I’ve noticed a subtle change in the tech marketplace over the past few years. I believe the Operating System market has been / is fragmenting, statistics about the number of college students that are using Macs is pretty shocking to me. No one was using Macs when I was in college, I don’t recall seeing even one. These students are the next generation of computer users, and they are all computer users. Even though I don’t personally agree from a technical / use perspective, it appears Microsoft has made a major misstep with Vista. (I have been using it since some of the pretty early available MSDN betas.) This has opened a door that I believe Microsoft would have rather had stayed closed. Along these lines, there is some pretty good movement with the open source OS platforms. Dell and others are selling machines with Ubuntu pre-installed as a general option. These things weren’t going on just a few years ago, or at least to any real degree. It was always mainly Microsoft. In addition, Microsoft’s other major franchise, the Office suite, has been challenged by other, often much cheaper or free, competition like Open Office, and Google Docs. What’s more, the Microsoft Zune, which I own and think is an awesome device, hasn’t even really dented the mp3 player marketshare of Apple’s Ipod (last number I remember hearing was Zune = 3-5%, I might be wrong). The XBOX, although also very awesome, has been a real money looser (until lately?). Don’t get me wrong, they’re still making money hand over fist.
So I’ve been wondering what the future looks like for Microsoft. With the apparent fragmentation in the OS game, (which many will dispute I’m sure) it seems the ubiquity of the ‘Windows Desktop’ (call it whatever you want XP, Vista, 7), may have a limited future (perhaps 5-10 years still I think). Other players will probably come into this game in a non-trivial way. This concerns me because I’ve invested a ton of time over the years learning the Microsoft stack, the last few on .NET particularly. If .NET == ‘Windows Desktop’ then that investment looses value. (In this vane, I’m really glad to see things like Mono coming up which take .NET onto other platforms like Linux, etc. Also, glad that Silverlight is bringing the .NET skillset out to so many new places.) Recently, a major new future direction for Microsoft was announced at the PDC. They announced a new platform called ‘Windows Azure’.
While, from a cursory glance, this looks similiar to other platforms that have recently come out of Redmond (think WPF, WCF, WF….and on and on), I think there is something more to it. They are looking for their next franchise, Microsoft sees that its core franchises are, or will soon be, under major attack for the reasons mentioned above. The marketplace is simply evolving. We know how Microsoft made zillions with those francises, they sold licenses to run on-premise software. ‘Windows Desktop’ runs on your desktop machine, Office likewise. Individuals and businesses shelled out major money for the software that they would run. Windows Azure is presented as an ‘Operating System for the Cloud’ – it doesn’t run on your machine (in deployment / real world). People (users) don’t generally pay for the software they run in the cloud. They pay for the utility they get. Think music you buy from Amazon, think photos you store online to share with your family, even think about paying your bills online. There’s software under there – you don’t pay for it as such but someone does. Further, there’s hardware under there. Amazon pays a ton, in hardware, management & power costs to make its marketplace available. Your bank pays a boatload for operating its datacenter. These costs are actually prohibitive in some cases for businesses of certain sizes. Its hard to scale and do so quickly when you need to (you get Digged or something).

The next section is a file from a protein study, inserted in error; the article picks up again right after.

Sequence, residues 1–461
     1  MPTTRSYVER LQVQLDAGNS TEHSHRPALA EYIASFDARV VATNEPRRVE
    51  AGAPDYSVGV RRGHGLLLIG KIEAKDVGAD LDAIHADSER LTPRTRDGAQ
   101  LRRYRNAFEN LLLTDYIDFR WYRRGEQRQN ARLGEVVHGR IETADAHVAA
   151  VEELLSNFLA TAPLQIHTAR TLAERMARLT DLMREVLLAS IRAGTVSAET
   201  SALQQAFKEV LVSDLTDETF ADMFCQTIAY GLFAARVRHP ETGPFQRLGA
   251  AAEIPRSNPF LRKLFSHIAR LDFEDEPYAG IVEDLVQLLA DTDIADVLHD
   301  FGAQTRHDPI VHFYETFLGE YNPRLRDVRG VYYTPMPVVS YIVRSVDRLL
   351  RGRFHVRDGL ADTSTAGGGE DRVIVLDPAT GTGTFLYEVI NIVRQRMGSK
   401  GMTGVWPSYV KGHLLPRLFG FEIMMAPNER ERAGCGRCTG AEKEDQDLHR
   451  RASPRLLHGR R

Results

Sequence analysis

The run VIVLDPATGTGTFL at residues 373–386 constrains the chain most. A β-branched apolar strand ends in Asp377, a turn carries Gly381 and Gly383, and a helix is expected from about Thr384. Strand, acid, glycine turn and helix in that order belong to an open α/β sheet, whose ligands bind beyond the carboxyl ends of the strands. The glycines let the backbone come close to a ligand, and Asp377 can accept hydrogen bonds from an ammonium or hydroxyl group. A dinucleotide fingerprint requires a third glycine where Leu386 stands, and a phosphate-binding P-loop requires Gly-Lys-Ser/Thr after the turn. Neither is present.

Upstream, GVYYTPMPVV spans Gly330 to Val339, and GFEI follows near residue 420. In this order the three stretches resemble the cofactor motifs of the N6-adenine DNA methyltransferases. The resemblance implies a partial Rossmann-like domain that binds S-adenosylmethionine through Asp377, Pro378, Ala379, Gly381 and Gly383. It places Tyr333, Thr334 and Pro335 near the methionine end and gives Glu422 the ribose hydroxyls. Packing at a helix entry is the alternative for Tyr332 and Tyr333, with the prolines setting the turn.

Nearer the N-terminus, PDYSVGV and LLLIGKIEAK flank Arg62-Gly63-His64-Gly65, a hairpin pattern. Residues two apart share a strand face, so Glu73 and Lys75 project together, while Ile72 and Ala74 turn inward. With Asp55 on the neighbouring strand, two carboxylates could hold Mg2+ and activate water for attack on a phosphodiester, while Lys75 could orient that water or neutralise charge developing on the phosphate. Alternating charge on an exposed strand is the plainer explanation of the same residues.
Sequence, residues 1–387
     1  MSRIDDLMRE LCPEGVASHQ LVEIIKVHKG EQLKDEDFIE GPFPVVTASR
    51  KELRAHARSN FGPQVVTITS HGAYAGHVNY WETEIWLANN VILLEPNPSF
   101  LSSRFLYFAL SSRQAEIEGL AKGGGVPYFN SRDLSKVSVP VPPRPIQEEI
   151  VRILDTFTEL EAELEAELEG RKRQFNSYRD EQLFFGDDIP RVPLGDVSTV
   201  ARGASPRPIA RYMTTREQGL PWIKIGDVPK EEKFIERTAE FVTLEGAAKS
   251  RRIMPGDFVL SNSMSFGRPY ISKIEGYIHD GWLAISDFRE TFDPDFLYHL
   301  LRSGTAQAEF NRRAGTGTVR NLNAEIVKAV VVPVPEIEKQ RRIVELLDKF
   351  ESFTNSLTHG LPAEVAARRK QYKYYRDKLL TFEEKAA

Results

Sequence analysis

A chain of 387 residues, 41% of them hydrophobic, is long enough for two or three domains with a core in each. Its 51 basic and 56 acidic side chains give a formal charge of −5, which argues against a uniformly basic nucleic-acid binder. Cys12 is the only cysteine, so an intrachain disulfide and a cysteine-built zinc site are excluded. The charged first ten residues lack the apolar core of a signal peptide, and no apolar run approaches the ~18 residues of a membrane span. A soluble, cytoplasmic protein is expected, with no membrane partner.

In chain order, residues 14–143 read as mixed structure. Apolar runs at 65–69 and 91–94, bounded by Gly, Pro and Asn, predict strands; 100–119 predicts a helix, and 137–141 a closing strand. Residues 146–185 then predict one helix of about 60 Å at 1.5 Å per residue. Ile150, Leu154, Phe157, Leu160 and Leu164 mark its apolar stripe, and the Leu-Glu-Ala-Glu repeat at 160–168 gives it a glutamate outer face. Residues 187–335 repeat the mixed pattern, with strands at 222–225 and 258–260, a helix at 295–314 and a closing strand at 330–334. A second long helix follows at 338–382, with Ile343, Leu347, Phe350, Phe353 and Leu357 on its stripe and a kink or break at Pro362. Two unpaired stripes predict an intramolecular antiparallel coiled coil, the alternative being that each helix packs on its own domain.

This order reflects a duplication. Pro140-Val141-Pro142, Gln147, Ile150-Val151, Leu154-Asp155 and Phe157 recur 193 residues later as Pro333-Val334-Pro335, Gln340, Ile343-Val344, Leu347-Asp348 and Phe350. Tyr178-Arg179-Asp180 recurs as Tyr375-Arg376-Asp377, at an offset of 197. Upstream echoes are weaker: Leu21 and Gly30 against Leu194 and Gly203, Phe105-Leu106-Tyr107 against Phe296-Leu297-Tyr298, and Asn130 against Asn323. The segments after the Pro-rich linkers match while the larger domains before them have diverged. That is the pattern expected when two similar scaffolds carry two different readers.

Ok, back on point. So what is Windows Azure. Well, its a platform for doing these things. With Azure, it looks like Microsoft is starting in a new direction, one with many of the same facets of its massively successful ‘Windows Desktop’ franchise. ‘Windows Desktop’ has been successful not because it, itself, is that great, but largely due to the fact that it has been the choice platform for people who MAKE applicaitons. It is the ease of application development and therefore the diversity of said application base that has propelled ‘Windows Desktop’ for so long. Windows Azure looks to be largely the same thing in the new world of online apps and services. It is a platform that will seem familiar to the army of Microsoft developers that want / need to enter the ‘connected game’ in a big way. It may not even be the ‘best’ (some people are religious about Macs), Amazon has been doing similiar things, other people might have a ‘better’ platform, but what Microsoft brings is the developers. So how are they going to make their zillions off this platform like they did off the ‘Windows Desktop’? They have not announced exact details yet on the price structure, but it seems like they are going to be monetizing the hardware, the software and the management (which is also, in part, software.) These are all things you have to pay for anyway to get in the game – so why pay Microsoft? Well, some of these are hard – as I mentioned, its hard to scale quickly. Its hard to have reliable storage. You have to know things / hire people. This is expensive if you have to do it yourself – especially up front. You can pay as you go. Also advantageous for Microsoft here, as with ‘Windows Desktop’ is that there is lock-in. They offer the platform you build on. The platform isn’t just software anymore, its the whole scale of a datacenter. I was wondering how Microsoft was going to challenge the Googles of the world. Now we know.